So, what were the overall results of the Boston research study? I did mention that atheism was the largest group (26%), followed by agnosticism (17%). Only 16% of autistics were able to embrace Christian beliefs. All others studied (around 40%) had their “own construction” of God. In other words, they came to their own conclusions and followed their own private revelations of what God is to them. In the neurotypical (non-autistic) control group, atheism was at 17% and agnosticism at 10%. Christianity was at 38% and “own construction” at only 6%. Understandable. People with autism are highly creative and innovative. It's been said we have to dance to our own drummer because we cannot hear the music (social information) everyone else is listening to.

Because I am a Christian, I would like to see religious organizations and churches learn how autistics think and process religious information. In doing so, outreach to this population can be far easier. For example, beginning with the concrete, literal and visual and slowly building up to the allegorical and metaphorical works best. Depending on level of functioning, this may take varied amounts of instruction. I also would like to see churches take a different approach to teaching religion. So many autistics are creative, powerful visualizers. Any sort of approach involving creative imagination or guided imagery could be immensely helpful. The main reason I've been able to integrate Christianity this time around in my life is that I've been using lots and lots of contemplative visualization.

Added note:
I would also like to note that I feel a weakness in the test was that the test instruments were influenced and built upon the concepts of Simon Baron-Cohen. His views are controversial now in the autism community. His “Systemizing Quotient” seems to apply far more to autistic males than females. His views of “theory of mind” and his “zero empathy” theory of autism are also being questioned and challenged a lot now.



  1. Well said. Unfortunately, my experience has been that a once size fits all approach is used even on "neurotypicals" that leave many of them cold and unresponsive to the message being conveyed. So, since "neurotypicals" can't seem to see the need for different approaches to each other I'm not sure they are going to be able to do it for autistics. It may take an autistic person to show "neurotypicals" how it's done.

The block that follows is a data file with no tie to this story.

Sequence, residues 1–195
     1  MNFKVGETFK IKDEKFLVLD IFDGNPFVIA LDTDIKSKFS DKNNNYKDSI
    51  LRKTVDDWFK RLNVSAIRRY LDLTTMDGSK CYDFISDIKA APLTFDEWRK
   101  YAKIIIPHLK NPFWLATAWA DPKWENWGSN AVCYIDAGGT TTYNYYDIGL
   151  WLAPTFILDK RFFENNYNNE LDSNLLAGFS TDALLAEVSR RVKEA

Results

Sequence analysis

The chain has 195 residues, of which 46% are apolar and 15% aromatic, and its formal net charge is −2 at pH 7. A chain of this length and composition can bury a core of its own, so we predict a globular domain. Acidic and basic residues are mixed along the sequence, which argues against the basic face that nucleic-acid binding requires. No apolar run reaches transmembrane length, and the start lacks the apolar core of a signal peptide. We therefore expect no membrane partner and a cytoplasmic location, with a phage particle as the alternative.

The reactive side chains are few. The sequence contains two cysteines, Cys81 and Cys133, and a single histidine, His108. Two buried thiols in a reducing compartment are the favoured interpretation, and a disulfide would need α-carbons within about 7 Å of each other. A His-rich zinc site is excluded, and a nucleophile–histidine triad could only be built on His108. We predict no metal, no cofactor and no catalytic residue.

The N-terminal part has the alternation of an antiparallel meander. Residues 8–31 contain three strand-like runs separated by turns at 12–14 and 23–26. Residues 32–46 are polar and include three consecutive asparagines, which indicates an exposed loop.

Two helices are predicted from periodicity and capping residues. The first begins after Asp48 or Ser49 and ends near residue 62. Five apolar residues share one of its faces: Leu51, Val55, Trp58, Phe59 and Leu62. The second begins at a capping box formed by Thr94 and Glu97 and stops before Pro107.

2. Some people find that analogies clarify things; that's why language is built on millions of metaphors. Total literalism is actually impossible. But at the same time, everyone sometimes gets confused about what a parable or metaphor or analogy means. I've talked with folks who can't tell an analogy from a tangent. On the other hand, I deal really well with analogies but tangents frustrate me quickly. Yet, there are parables in the Bible I don't get yet.

  3. Laura, I found your post fascinating; it may help me connect my research interests with my Asperger Syndrome. I am an associate professor in Computing at Leeds University, and my research focusses on computer analysis of language. I recently ran a workshop on Language Resources and Evaluation of Religious Texts at LREC'2012 Istanbul, see ... this attracted academic researchers working on computer analysis of Islamic, Chrsitian, Jewish, Hindu, Sikh religious texts. As an autsitic atheist, I can maintain objective neutrality in applying Artificial Intelligence analytics techniques.

    I was raised in a church-going Christian family - I can remember my Vicar saying "a family that prays together stays together" - but for various reasons my family split up and I became an atheist. I still have a fascination for religious belief but as an interested outsider - maybe this is my Autism, maybe it's because I've realised the truth?!

  4. Thank you, Eric. I think it's commonplace in autists to be detached and yet fascinated with religious belief. "Autistic" neutrality is of great benefit to science. Neutrality helps me with political thinking. I see so many sides and facets at one time that party affiliation isn't possible. Of course, I'm not so neutral on this topic anymore. I do believe that God is the truth :)

  5. Hello and welcome to the Catholic Blog Directory. I'd like to invite you to participate in Sunday Snippets--A Catholic Carnival, which is a weekly gathering of Catholic bloggers who share posts with each other. This week's host post is at

    Interesting blog. I have an autistic son and I'm always looking for info